The Indianapolis Star
January 12, 2004

Dean's failure to hire minorities criticized

  By Mike Glover
  Associated Press
     DES MOINES, Iowa --
  Howard Dean conceded grudgingly Sunday night that he never named a black
  or Latino to his cabinet during nearly 12 years as governor of Vermont.
     "If you want to lecture people on race, you ought to have the background
  and track record to do that," Al Sharpton snapped at the Democratic presidential
  front-runner in an emotionally charged exchange in the final debate before next
  week's kickoff Iowa caucuses.
     "I will take a backseat to no one in a commitment to civil rights in
  America," Dean said moments later, eager to have the last word.
     Dean, leading in the polls in Iowa as well as nationwide, also drew criticism
  from Rep. Dennis Kucinich of Ohio for saying he could balance the budget
  without cutting Pentagon spending. And Rep. Dick Gephardt of Missouri
  questioned Dean closely about whether he could cut payroll taxes without
  harming Social Security.
     Dean said he could. "I think cutting the payroll tax is not a bad idea," he
  said. "We will not touch Social Security."
     The debate unfolded a little more than a week before Iowans begin the
  selection of national convention delegates who will pick an opponent for
  President Bush.
     The two-hour debate was billed as the Iowa Brown and Black Presidential
  Forum, designed to focus the contenders on issues of concern to minorities, and
  Sharpton's aggressive questioning of Dean accomplished that.
     "You keep talking about race," the former street activist chided Dean when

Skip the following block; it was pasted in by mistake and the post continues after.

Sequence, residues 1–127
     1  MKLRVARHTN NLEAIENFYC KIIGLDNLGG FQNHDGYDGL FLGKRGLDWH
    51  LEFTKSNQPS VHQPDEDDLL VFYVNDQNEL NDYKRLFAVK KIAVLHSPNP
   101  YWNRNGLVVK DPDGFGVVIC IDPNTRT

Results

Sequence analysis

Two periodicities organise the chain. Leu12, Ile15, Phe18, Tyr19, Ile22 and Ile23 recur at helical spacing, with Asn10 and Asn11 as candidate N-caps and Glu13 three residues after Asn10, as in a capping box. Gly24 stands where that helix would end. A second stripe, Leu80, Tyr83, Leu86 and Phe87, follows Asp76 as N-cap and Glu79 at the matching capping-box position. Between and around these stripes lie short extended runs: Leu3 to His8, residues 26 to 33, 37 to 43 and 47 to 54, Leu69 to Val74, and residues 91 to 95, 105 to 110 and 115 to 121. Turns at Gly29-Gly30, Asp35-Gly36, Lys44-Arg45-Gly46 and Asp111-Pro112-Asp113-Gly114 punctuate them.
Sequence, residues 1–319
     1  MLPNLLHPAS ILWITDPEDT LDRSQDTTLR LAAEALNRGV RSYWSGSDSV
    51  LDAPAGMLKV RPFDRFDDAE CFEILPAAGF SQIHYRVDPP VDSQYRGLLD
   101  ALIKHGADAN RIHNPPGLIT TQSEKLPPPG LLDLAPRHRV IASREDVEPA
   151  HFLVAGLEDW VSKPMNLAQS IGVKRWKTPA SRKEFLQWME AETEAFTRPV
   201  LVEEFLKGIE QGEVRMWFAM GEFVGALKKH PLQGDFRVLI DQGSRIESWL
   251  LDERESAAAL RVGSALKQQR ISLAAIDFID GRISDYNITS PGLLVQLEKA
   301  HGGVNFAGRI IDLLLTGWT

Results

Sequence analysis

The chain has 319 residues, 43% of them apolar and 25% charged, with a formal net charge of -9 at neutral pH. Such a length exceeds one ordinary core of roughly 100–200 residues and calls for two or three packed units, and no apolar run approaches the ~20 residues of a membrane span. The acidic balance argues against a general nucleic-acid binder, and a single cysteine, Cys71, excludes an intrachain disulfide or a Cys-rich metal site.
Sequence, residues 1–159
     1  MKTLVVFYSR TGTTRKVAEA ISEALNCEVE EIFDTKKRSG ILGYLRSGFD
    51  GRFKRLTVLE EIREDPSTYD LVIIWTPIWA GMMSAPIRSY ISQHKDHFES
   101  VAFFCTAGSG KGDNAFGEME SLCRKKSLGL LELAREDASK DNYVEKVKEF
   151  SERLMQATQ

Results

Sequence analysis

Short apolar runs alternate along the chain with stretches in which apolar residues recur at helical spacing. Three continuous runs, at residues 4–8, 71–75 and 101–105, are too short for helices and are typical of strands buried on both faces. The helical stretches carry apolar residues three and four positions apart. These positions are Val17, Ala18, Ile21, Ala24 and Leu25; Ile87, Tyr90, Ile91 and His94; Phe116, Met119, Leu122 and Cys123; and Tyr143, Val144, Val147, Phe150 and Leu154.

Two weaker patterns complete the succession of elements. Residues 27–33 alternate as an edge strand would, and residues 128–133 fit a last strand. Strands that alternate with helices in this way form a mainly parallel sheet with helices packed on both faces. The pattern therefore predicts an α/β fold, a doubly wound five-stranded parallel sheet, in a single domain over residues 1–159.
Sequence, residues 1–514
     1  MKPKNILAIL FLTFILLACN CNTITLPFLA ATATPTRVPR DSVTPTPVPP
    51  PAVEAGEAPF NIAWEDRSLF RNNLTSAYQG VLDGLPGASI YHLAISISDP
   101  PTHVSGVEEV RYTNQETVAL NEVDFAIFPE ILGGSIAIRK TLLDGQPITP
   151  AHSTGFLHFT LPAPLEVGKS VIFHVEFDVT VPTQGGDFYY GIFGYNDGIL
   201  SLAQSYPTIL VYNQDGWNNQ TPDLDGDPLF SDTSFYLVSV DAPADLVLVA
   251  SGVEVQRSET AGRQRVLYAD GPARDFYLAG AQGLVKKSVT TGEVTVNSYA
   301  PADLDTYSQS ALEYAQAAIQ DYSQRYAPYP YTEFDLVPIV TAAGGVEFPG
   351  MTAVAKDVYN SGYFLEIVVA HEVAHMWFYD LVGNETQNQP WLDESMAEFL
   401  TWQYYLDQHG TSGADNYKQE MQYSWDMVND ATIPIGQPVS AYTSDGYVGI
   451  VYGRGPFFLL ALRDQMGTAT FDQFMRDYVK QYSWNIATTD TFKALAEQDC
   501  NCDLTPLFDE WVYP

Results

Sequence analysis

he had a turn to ask a question. He said that not one "black or brown held a
  senior position, not one. . . . It seems as though you've discovered blacks and
  browns in this campaign."
     Former Sen. Carol Moseley Braun, who is black, as is Sharpton, defended
  Dean. "Rev. Sharpton, the fact of the matter is we can always blow up a racial
  debate and make people mad at each other."
     Moments later, Dean returned to the subject, noting that he has the
  endorsements of more members of the Congressional Black Caucus and the
  Congressional Hispanic Caucus than any other presidential hopeful.
     Recent polling showed Dean and Gephardt in a close race for the lead,
  with Sen. John Kerry of Massachusetts and Sen. John Edwards of North
  Carolina trailing. The outcome will begin the winnowing process in the race for
  the nomination. Dean hopes for a win to validate his claim as campaign
  front-runner. Gephardt's aides say he must win. And Kerry and Edwards hope
  for strong finishes to sustain their campaigns in New Hampshire.